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The Cuban Economy: Selected Venezuelan Interactions

Paper Session

Friday, Jan. 3, 2020 8:00 AM - 10:00 AM (PDT)

Manchester Grand Hyatt, Pier
Hosted By: Association for the Study of the Cuban Economy
  • Chair: Roger R. Betancourt, University of Maryland

Swapping Petroleum for Doctors and the Impact on the Cuban Economy of Cutbacks in Venezuelan Oil Deliveries

Ernesto Hernandez-Cata
International Monetary Fund (Retired)


This article reviews official statistics on Cuba’s oil-related transactions, trying to fill the gaps that affect the published data and to present a complete and consistent set of numbers for these transactions. On that basis, it examines the recent behavior of Cuba’s oil imports (mostly Venezuelan crude) and exports (mostly refined and blended oil products). It then seeks to quantify the effects on the Cuban economy of recent cutbacks in Venezuela’s oil shipments to the island, the possible impact of a complete elimination of transactions between the two countries. and the recent expulsion of Cuban doctors from Brazil,. Ecuador and Bolivia.

The article develops estimates of Cuban exports of professional service and the GDP of Cuba’s health sector. It finds that the two series are statistically correlated, suggesting that the surge in exports of services (and of GDP) since the turn of the century can be largely explained by growing exports of Cuban doctors and is not the result of data manipulation.

The article concludes with an evaluation of the hypothetical effects on Cuba’s balance of payments of eliminating the Accord with Venezuela. It considers two possibilities. In the first the fall in oil imports from Venezuela (and the corresponding reduction of medical exports) leads to severe energy shortages accompanied increased subsidies to state enterprises. The second possibility is for Cuba to buy oil in the world market, but this would require a large increase in the availability of foreign exchange.

Cuba's Macroeconomic Vulnerabilities to Venezuelan Shocks

Rodolfo Mendez
BBVA Research
Jose Pineda
University of British Columbia
Rafael Romeu
Devtech Systems, Inc


Venezuelan resources going to Cuban are declining and becoming less sustainable given its economic collapse, which significantly affects Cuba’s economic growth. This paper decomposes changes in Cuba’s GDP for the period 1970 to 2017 to illustrate the effects of external factors. We rely on a battery of time series econometrics techniques, namely: structural change tests, linear regression models, and linear regression in state-space-form with time varying coefficients, to get an estimate of the fraction of the Cuban GDP annual growth rate explained by external factors. In particular, we explore the role of macroeconomics shocks coming from Cuba’s main trading partners (Venezuela, Russia, China and Europe). Results show that the two economies with the largest influence on Cuba are Russia, and more recently Venezuela. This paper performs two counterfactuals to analyse how the Venezuelan economy has contributed to the growth of the Cuban economy over the last decades. Our first counterfactual exercise shows that Cuba’s GDP in 2017 would be 0.3 percent higher in the counterfactual scenario in which Cuba did not increase its exposition to Venezuela. Higher exposition to Venezuela since 1999 allowed Cuba to experience a higher average rate of growth from 1999 to 2013 (4.65 percent vs. 4.49 percent). However, that higher exposition to Venezuela also led Cuba to experience a significantly lower average annual GDP growth since 2014 (1.76 percent vs. 2.40 percent). Our second counterfactual focuses on the implications of the Venezuelan economic collapse after 2013 for the Cuban economy. Results show that due to Venezuela’s significant output decline Cuba experienced a lower average rate of growth from 2014 to 2017 (1.49 percent vs. 2.68 percent), with a total accumulated impact for 2017 of a lower GDP by 4.5 percent.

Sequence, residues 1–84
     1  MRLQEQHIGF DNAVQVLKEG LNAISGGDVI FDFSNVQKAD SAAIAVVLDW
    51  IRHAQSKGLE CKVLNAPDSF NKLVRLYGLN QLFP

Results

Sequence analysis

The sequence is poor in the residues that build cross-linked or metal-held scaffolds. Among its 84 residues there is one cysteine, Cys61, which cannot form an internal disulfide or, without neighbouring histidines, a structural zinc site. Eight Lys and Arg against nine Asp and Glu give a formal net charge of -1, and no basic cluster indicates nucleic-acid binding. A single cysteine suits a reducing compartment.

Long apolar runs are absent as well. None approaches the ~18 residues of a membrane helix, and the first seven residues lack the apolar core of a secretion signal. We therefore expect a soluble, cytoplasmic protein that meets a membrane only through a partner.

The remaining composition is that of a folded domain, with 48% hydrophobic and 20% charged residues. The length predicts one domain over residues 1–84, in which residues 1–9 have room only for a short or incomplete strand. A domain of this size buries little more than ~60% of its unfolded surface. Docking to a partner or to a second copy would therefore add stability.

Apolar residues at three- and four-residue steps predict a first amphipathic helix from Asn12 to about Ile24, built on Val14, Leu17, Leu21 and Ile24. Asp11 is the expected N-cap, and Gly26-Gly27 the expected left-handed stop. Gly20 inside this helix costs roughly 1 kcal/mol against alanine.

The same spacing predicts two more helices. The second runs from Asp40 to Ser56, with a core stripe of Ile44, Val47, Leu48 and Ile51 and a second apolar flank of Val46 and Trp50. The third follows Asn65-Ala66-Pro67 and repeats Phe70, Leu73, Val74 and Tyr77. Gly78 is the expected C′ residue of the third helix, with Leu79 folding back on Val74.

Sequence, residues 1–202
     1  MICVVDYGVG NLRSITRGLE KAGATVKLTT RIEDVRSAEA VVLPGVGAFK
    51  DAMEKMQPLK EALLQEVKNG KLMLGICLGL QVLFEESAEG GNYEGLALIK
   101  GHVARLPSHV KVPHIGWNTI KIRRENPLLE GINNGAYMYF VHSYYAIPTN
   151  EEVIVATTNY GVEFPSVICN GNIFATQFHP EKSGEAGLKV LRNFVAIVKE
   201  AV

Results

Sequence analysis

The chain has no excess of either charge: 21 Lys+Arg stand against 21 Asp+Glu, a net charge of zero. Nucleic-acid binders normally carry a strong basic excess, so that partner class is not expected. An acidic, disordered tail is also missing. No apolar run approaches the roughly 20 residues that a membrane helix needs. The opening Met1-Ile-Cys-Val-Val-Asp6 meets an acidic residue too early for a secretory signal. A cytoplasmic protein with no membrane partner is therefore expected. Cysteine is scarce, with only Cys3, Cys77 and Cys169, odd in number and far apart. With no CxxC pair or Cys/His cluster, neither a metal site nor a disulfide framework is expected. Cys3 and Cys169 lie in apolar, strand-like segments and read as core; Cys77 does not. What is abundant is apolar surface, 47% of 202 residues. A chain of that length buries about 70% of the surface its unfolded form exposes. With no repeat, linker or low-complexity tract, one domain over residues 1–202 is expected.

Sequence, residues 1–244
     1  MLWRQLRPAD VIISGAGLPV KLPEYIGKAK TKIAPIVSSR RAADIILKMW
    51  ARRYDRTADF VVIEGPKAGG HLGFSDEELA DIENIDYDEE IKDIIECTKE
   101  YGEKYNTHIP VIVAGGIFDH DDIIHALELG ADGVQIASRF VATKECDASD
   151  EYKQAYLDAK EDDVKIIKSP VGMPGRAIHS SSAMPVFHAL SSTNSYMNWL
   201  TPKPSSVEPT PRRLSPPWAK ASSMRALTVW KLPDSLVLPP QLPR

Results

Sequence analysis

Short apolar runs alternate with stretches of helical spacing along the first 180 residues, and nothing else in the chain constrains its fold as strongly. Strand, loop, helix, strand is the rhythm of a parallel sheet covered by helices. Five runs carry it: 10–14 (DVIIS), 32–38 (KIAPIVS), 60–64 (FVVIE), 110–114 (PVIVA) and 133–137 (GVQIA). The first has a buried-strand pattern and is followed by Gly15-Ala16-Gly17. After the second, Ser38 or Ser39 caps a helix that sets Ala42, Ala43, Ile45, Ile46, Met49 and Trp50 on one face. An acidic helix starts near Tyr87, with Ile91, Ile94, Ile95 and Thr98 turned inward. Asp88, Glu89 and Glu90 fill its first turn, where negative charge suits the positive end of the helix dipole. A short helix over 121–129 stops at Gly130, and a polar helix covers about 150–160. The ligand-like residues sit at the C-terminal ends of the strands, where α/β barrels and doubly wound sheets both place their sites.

Parallel Stories? The Case of Cuban and Venezuelan Migration after Political Regime Changes

Monica Garcia-Perez
St. Cloud State University


This investigation aims to compare the migration waves of Cubans and Venezuelans to the United States. First, the comparison intends to evaluate the political and economic pull and push factors that determine the migration at the time of each wave. The goal is to evaluate the similarities and differences across these factors in both countries. For instance, both countries have migration events that were consequences of strong political measures such as the Mariel Boatlift in Cuba and the massive layoffs and persecution of PDVSA employees in Venezuela. Second, the comparison would intend to delineate the characteristics of the migrants, the migration policies particular to the USA that affected the migrations across the waves, and possible local impacts. Contrasting these two different migration patterns offers a window to researchers that may yield implications and policies useful to ameliorate the current regional crisis.
Carlos Seiglie
Rutgers University-Newark
John Devereux
City University of New York-Queen's College and CGC
Roger R. Betancourt
University of Maryland
JEL Classifications
  • P2 - Socialist Systems and Transitional Economies
  • O5 - Economywide Country Studies